Gov. Paul LePage on Wednesday placed a moratorium on permits for new wind energy generation facilities. He also said he will submit legislation this year that would eliminate an expedited permitting process that is currently in law.
An executive order issued by the governor Wednesday also creates the Maine Wind Energy Advisory Commission to study the impact of turbine farms on the environment, property values and tourism and to produce a report on those issues. In his executive order,
“I order that no permits related to wind turbines are issued … until the report is issued in writing,” said LePage, who also specified that the commission is not subject to Maine’s Freedom of Access Act and its meetings won’t be “public proceedings.” Maine law allows the governor to exempt commissions he creates from public records laws.
A spokesman from the Maine Department of Environmental Protection said Wednesday that there are no applications for wind power generation projects currently pending.
Dylan Voorhees, clean energy project director for the Natural Resources Council of Maine, questioned whether LePage can unilaterally call for a moratorium, though the Department of Environmental Protection permits wind farms in what is known as the “expedited permitting area.” Permits in the unorganized territory face a higher and arguably tougher permitting process through the Land Use Planning Commission.
“The expedited permitting area was created after a lot of discussion in order to create predictable development of renewable energy sources,” said Voorhees. “There’s a reason there are no applications for wind turbines in the Allagash.”
LePage’s order comes a day or so before Massachusetts is due to announce the winning bidder for a massive renewable energy contract. Among the competitors is Central Maine Power, which factors wind power from western Maine in one of its proposals. If CMP and the Maine coalition win the contract, Voorhees said there are a handful of companies ready to enter the permitting process for more wind farms.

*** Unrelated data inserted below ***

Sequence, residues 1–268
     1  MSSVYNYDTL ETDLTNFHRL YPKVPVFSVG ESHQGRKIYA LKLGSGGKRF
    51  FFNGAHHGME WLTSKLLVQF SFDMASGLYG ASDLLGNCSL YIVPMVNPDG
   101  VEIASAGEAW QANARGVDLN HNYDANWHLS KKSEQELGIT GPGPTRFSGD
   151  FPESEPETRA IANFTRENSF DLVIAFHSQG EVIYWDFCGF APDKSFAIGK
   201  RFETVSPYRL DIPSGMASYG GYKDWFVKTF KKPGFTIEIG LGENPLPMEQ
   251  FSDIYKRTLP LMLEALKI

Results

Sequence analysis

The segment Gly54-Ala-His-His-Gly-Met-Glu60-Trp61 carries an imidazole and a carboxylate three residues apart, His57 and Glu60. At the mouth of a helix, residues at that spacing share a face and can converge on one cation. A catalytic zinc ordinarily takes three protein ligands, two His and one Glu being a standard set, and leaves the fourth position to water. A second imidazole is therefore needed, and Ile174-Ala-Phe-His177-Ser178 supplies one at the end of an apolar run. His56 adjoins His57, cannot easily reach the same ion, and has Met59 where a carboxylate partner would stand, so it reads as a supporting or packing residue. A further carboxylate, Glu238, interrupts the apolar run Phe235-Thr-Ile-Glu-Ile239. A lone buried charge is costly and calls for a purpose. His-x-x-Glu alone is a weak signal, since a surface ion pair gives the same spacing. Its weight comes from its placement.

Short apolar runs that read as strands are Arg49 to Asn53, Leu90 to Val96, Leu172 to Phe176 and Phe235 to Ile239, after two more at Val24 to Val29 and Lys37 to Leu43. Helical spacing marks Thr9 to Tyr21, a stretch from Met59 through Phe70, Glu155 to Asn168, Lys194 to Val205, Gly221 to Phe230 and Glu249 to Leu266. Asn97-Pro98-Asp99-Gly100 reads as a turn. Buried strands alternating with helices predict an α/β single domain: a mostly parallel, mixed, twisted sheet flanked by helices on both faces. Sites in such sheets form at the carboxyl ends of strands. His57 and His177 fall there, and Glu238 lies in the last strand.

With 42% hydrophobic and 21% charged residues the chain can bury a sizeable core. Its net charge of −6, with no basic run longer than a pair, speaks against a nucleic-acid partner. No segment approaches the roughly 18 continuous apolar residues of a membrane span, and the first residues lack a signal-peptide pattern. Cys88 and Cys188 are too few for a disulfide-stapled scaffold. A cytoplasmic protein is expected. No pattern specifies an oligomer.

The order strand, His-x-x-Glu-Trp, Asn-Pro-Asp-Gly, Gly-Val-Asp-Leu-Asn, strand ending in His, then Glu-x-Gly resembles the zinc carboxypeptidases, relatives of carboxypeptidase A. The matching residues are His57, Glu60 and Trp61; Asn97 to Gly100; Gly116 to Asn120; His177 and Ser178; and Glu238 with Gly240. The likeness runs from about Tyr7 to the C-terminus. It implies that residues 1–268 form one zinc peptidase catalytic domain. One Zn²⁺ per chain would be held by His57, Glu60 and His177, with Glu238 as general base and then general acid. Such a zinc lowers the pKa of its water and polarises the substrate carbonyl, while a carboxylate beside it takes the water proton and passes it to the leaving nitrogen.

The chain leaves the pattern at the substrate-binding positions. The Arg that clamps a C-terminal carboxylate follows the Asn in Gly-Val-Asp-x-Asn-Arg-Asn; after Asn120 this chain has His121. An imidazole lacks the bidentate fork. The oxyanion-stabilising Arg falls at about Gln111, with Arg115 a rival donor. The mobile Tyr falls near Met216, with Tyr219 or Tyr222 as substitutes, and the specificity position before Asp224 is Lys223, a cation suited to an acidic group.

“Wind power in Maine is largely competing against Canadian hydropower,” said Voorhees. LePage has long advocated in favor of hydropower to help lower Maine’s energy costs and is staunchly against wind as long as the electricity it generates is more expensive than market rates.
LePage argues that a major thrust of the wind power commission will be to protect Maine’s tourism economy.
“We cannot afford to damage our natural assets in ways that would deter visitors from returning to Maine,” said LePage in a written statement.
The commission will include representatives from the governor’s energy office, the departments of economic development and environmental protection, the Public Utilities Commission, the Legislature, municipal officials, business owners and industry groups.
House Speaker Sara Gideon, D-Freeport, said in a written statement that LePage is improperly circumventing the Legislature.
“I’m confident that this backward-looking executive order, in clear conflict with existing statute, would be unable to withstand legal scrutiny,” Gideon said.